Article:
Washer Toss Rules and Game Etiquette
Washers is a game of skill, strikingly similar to horseshoes or bocce ball. It is much more popular though, majorly thanks to its simplicity. While scoring a perfect ringer with horseshoes might be a hassle, throwing a washer into the cup is easier for players of all ages.
This game is also simple to set up and, due to its reduced dimensions, easy to carry. So, here is everything you need to know to play washer toss like a pro.
Washer Toss Terminology
Like any lawn game, washers come with its own terminology. Yes, you could just use words like cup and box, but that wouldn’t sound as fancier as the real game terminology. So, before getting started, here are the important things you should know about.
- Washer pit: a wooden box (plastic or cardboard can also work fine in case of an ad-hoc arrangement) containing one recessed cup with a diameter of approximately four inches. The game has two pits positioned at approximately 25 feet apart.
- Washer: a metal or plastic coin colored in a specific hue and which is thrown toward the pit to score points. The game has four washers, two of each color.
- Cupper: when a player manages to throw a washer inside a cup, it’s called a cupper.
- Skunk: a game in which one player or team scored 11 points while the opponent has gained no points during all turns.
- Round: it’s a game turn consisting of the tossing of all washers and awarding of points.
Playing Washer Toss: A Step-by-Step Guide
Washer toss is a game to play either in two or in two teams with up to four players each. In the case of teams, each one must nominate a captain, and only one player in each team may toss the washers during each round.
1. Start the Game
To start the game, position the washer pits on the ground at a distance of approximately 25 feet. Each player must sit next to the same pit and toss the washers to the opposite pit, and the game will reverse during the next turn.
While most lawn games start with a coin toss, washers game starts with a diddle. This is the act in which each player throws a washer to the opposite pit. The player or team that tossed the washer closer to the cup, or the one who has scored a cupper, starts the game.
2. Toss the Washers
The player who won the diddle starts the game by tossing both washers to the opposite pit. The goal is to get the washers into the cup or as close to it as possible.
In a game with standard washer pits, the player can sit anywhere inside the pit when throwing. In a backyard arrangement with no pits, unofficial rules say the players must sit at no more than one step in front of the cup.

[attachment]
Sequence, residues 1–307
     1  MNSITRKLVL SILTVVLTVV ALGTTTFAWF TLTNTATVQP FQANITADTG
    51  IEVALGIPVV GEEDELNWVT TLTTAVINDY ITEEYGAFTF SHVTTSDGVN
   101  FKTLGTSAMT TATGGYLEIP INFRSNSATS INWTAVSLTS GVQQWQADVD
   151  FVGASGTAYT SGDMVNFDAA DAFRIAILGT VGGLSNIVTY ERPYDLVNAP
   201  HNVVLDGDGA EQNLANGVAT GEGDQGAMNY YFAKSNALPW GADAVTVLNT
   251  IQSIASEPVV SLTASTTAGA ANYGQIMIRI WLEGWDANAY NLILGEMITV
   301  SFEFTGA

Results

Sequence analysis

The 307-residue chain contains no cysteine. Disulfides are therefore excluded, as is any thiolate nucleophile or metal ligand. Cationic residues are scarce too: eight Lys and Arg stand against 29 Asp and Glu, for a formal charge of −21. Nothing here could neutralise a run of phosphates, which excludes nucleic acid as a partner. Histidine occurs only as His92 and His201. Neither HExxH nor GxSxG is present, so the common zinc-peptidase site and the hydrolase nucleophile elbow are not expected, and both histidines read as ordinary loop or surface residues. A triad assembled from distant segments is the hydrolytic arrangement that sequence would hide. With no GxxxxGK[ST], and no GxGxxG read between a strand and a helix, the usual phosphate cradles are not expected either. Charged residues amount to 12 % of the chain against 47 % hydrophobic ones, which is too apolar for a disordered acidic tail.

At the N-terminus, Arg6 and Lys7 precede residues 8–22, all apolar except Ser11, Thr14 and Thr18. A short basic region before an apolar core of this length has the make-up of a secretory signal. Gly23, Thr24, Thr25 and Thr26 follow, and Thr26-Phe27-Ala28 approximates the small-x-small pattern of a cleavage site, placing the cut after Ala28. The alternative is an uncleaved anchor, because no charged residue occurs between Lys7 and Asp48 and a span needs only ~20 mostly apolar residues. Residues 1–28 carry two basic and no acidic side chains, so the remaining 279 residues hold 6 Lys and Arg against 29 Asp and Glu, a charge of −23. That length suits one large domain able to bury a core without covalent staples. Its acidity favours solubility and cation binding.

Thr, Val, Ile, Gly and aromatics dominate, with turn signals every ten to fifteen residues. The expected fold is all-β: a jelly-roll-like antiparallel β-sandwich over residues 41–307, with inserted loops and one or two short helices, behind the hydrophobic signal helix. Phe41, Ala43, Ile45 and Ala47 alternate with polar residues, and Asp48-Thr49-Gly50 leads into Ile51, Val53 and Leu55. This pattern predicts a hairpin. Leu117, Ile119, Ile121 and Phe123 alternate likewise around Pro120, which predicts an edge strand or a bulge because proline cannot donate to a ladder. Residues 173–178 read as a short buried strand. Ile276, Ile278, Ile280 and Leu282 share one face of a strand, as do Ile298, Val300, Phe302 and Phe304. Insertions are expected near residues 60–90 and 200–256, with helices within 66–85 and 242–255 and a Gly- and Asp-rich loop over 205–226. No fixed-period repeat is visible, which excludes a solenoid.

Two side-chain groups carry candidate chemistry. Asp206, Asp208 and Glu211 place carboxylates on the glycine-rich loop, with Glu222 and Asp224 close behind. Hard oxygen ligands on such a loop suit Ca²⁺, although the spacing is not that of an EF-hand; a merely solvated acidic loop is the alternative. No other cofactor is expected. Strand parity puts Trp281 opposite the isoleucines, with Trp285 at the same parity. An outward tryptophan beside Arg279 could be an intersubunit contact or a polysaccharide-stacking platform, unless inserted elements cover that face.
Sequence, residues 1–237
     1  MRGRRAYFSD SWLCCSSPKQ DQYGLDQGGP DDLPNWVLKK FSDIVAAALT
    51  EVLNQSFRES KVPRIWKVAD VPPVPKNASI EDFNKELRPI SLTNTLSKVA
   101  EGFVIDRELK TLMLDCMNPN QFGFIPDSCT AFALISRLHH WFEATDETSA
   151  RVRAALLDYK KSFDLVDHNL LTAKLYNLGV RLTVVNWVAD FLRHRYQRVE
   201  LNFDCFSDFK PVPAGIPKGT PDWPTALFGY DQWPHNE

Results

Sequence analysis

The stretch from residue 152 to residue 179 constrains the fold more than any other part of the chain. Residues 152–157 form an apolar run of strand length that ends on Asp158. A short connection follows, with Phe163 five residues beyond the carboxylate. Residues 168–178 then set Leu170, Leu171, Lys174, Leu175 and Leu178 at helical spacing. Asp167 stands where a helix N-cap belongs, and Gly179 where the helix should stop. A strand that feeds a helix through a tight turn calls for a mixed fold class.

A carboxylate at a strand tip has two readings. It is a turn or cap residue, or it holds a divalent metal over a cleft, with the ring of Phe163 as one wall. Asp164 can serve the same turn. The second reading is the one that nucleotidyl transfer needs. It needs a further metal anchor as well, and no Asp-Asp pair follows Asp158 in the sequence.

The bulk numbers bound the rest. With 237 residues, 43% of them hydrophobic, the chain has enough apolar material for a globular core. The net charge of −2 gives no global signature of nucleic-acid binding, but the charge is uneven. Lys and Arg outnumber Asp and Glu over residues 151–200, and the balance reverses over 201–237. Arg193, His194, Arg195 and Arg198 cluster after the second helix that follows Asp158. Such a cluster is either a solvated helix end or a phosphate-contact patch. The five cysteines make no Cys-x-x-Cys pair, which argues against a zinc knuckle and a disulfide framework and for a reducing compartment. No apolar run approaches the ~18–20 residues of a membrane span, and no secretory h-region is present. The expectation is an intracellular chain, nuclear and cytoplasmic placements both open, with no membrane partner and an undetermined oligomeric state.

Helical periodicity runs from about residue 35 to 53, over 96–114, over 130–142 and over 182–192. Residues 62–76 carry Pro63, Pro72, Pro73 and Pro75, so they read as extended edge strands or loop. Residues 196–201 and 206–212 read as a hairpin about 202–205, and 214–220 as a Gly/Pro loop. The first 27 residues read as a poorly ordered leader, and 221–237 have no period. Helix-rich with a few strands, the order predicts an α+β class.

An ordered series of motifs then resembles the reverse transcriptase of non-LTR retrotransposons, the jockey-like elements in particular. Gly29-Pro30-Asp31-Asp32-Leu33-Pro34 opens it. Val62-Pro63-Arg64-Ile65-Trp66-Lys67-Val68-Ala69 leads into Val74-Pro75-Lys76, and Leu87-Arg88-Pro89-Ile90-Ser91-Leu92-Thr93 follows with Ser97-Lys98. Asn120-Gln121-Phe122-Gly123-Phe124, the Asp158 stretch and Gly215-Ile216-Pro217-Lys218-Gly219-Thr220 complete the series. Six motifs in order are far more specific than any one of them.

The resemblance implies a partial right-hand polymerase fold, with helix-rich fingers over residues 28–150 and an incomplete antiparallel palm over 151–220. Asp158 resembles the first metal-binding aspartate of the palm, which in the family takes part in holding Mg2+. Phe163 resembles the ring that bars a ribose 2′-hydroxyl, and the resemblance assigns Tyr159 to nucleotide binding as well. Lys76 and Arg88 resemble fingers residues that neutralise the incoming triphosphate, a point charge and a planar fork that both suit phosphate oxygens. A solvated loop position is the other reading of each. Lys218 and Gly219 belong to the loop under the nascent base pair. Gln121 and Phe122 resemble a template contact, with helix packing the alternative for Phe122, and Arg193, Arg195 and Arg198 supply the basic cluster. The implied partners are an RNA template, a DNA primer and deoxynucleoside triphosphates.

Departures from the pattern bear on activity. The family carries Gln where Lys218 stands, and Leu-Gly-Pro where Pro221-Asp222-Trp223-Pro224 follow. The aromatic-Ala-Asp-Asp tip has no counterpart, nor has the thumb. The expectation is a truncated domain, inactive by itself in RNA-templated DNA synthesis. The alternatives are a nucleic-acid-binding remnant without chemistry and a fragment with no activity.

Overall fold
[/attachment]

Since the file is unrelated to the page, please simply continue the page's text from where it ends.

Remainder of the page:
After the first player has tossed both washers, it’s the second player’s turn to toss, following the same rules.
In the next turn, the player who scored more points in the first round gets to throw their washers first.
Only one player or team may score in each round. Who scores the points is determined by the washer’s proximity to the cup.
Washers tossed inside the cup are called cuppers and value 5 points.
A washer tossed inside the pit but not in the cup values 1 point. Only the washer closest to the cup scores the point, so a player may get either 1 or 5 points per round.
Washers tossed outside the pit are ineligible for scoring, and if both players have managed to score a cupper, they both receive zero points. The same happens if both players tossed their washers at equal distances from the cup.
The player or team who reaches 21 points first wins the game, but there are some exceptions from this rule.
If one player or team manages to score 11 points before their adversary manages to score any point, the game is called a skunk and ends earlier with the elimination of the player from the competition.
If one player or team scored 17 points while the opponent has only scored 1 point, the game is called a whitewash and the player scoring only 1 point is out of the competition.
A competition usually consists of three games, and the player or team who won at least two out of three games wins the competition.
In a backyard arrangement, it is possible to adapt all game rules to fit younger players or seniors; however teens and adults should follow these guidelines.
Washer Toss Game Etiquette
Washer Toss’ etiquette is similar to the horseshoes’. Each player is responsible for setting one pit. The players must shake hands before starting and avoid distracting the opponent during a toss.
After each turn, the players must walk together and asses whose washer is the closest to the cup. It may also happen that during a toss, one player can move the adversary’s washer closer to the cup, and in this case, the fortunate player wins the round.
It is unacceptable for a player to move the washers before the other player agreed with the score. Measurements are typically approximated by simply looking at the washers. In the rare event in which two washers seem to be at the same distance from the cup, the players must use a ruler or meter to assess whose washer is closer.
Regardless of the outcome, the game must always end amiably with players shaking hands and congratulating the winner.
Like most backyard game, washer toss is an uncomplicated and fun one to play. Flexible rules and the possibility to ditch the pits and only play with cups set on the ground make it ideal for most circumstances.
This game is also perfect for the youngsters, as the washers are lightweight and the cups must be positioned at a distance to suit the kids.
And now you know how to play it! So, what are you waiting for? Get yourself a washer toss game, set it up, and get ready to have loads of fun this summer!